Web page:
other side of the world

Part of me was running away. I needed to be far away from what I have always known. I wanted to be on my own. The other part was fulfilling childhood dreams and curiosities. This was the reason for moving to the other side of the world.

The process to move to Canada took six months. I had to save money, conjure up enough courage for change and tie up all my loose ends. Rarely have I been afraid of starting anew in a different city, landing a job or making friends. These things seem to come naturally to me.

After a few months of living with my Aunt and Uncle in Toronto, I once again became Miss Independent. It was comforting to have their support in this time. We had a fabulous summer.

For those that don’t know, I was born in Canada about two hours east of Toronto and adopted by the age of three. I have always known this. In my childhood, I had a lot of unanswered questions. There were also vivid memories that couldn’t be pinpointed or identified. My earliest memory (although never validated) was the time I cut my foot on some glass in an outdoor playhouse and was taken inside and lifted up onto the kitchen sink. I watched the blood flow from my foot down the into the drain.

I entered my new family with a gifted teddy bear which had my name “Barbie” across it’s tiny burnt orange t-shirt as well as a few photographs. One of the snaps is of me and my grandmother. Sometimes I would stare at the photo looking for clues of who I was and who she was. All I ever saw was an elderly lady’s face looking back at me. Someone who I couldn’t place or recognise. Even that tiny child, to me, was someone I felt I had never known.

There were times when I was deeply hurt about what happened to me. As I grew I learned of ways to cope. At high school doing genetics homework it was always awkward. I never could be sure why I had brown hair and blue eyes by comparing my parents and brothers to me. Also, I never knew the medical history of the family I was born into to fully know which ailments I could contract. For me, being adopted meant and felt like a lot of things. It most likely contributed to a lot of my personal issues such as fear of abandonment. More often than not, I had feelings of being unloved and unwanted, which then turned into not feeling “good enough”. I learnt to switch off these feelings and thoughts but it never made the hurt and curiosity go away. It just quietened it all down for a while.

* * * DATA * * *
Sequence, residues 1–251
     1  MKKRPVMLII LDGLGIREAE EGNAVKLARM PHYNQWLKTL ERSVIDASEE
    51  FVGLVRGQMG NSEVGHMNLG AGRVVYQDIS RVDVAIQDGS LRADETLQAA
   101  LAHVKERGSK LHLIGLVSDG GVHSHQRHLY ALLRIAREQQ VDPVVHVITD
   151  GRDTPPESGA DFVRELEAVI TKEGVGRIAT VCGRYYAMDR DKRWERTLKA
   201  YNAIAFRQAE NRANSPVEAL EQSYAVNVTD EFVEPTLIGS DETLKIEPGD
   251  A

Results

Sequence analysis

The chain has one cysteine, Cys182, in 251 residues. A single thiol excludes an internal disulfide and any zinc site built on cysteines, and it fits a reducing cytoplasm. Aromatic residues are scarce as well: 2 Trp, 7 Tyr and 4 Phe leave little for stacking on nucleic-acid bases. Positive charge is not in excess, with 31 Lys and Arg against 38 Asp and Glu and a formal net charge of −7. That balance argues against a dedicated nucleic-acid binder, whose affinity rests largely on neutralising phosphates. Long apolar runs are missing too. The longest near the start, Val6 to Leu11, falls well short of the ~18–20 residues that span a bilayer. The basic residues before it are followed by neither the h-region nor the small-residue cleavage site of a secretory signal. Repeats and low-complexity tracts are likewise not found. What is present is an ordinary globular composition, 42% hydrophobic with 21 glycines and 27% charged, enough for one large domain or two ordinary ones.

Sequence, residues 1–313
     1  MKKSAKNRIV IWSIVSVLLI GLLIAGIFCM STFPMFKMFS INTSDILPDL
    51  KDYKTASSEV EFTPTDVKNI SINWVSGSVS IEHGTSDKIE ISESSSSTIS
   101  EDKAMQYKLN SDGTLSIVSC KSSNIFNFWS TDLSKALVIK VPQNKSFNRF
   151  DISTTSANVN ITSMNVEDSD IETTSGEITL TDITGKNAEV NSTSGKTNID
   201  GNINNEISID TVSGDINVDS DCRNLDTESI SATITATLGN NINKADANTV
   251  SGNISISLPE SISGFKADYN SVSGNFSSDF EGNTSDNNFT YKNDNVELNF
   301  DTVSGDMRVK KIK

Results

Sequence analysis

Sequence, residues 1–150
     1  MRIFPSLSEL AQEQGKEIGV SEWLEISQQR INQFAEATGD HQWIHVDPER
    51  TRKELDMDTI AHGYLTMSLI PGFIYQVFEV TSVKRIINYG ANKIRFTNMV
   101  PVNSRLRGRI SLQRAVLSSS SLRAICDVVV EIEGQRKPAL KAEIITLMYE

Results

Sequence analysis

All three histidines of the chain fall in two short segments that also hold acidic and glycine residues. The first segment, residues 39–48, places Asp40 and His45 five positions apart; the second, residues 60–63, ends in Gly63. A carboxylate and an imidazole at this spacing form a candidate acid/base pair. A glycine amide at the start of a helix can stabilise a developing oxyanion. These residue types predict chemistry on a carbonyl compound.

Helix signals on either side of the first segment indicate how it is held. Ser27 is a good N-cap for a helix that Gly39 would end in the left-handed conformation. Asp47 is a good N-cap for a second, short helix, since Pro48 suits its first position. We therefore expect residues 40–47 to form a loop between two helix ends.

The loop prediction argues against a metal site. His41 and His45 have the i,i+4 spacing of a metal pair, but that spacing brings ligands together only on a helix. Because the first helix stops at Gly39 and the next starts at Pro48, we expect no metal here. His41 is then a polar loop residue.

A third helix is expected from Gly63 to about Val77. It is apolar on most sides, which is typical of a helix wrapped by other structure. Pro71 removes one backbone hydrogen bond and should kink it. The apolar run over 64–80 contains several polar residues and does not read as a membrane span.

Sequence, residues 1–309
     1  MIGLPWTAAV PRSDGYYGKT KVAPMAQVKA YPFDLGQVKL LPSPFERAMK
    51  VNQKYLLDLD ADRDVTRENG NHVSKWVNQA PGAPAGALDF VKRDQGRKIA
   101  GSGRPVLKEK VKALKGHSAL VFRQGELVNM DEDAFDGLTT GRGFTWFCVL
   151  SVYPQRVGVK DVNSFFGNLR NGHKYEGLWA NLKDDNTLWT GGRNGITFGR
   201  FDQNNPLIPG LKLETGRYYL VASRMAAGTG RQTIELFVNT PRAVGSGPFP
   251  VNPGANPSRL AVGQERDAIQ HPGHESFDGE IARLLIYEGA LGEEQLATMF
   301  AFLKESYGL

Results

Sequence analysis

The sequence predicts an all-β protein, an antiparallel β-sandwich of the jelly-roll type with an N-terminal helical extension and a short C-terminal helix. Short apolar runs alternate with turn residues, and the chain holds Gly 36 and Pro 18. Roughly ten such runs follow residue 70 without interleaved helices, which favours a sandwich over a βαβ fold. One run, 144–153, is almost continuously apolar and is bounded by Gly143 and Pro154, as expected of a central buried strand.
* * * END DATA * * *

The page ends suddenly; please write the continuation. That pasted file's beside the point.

I was around the age of 15 when my mum announced to me that my birth mother’s name was Lindy Vaughan. This was in a time before the internet and Facebook. I have always remembered. It was in the midst of an argument shortly after I told her that “she wasn’t my real mother”. I was putting all my hurt onto her. Now, I realise that she was only trying to help me and heal my heartache.

“I love you I’ll say one day just to see your face. 
Then I’ll slowly walk away gone without a trace.”

I wrote a lot of poetry in my adolescent years. It was one of the coping mechanisms I created for when I couldn’t speak up about how I felt.

Endlessly, I would fantasize about birth mother’s appearance. In my mind she was beautiful and I looked exactly like her. All I ever wanted was to see the resemblance. I had convinced myself this would give me a sense of belonging and ease all my pain.

So many scenarios would run through my mind about trying to find her. What if she had already died and there was only a gravestone to see? What if she had another family? Maybe I have more brothers and sisters? Maybe she never told anyone about me? Perhaps she doesn’t want to ever meet me again? The scenarios and possibilities kept playing and replaying over and over again for many years. Stuck on repeat.

My adoptive parents always gave me their blessing to find her. I never could decide on what I wanted to do. Deep down, not finding her didn’t sit well, nor did showing any sign of unappreciation towards my adoptive parents. It’s a difficult situation to be in. How could I possibly make the right choice when so many others could be affected? Ultimately, there wasn’t a “right” answer so I had to do something rather than nothing. Doing nothing meant I would remain stranded on this loop of internal thought.

When I learnt that the adoption records in Ontario have been open since 2009, the search began. My original birth certificate and adoption papers would be returned to me by post once I filled out the forms. Nervously, I filled them out and then forgot all about it.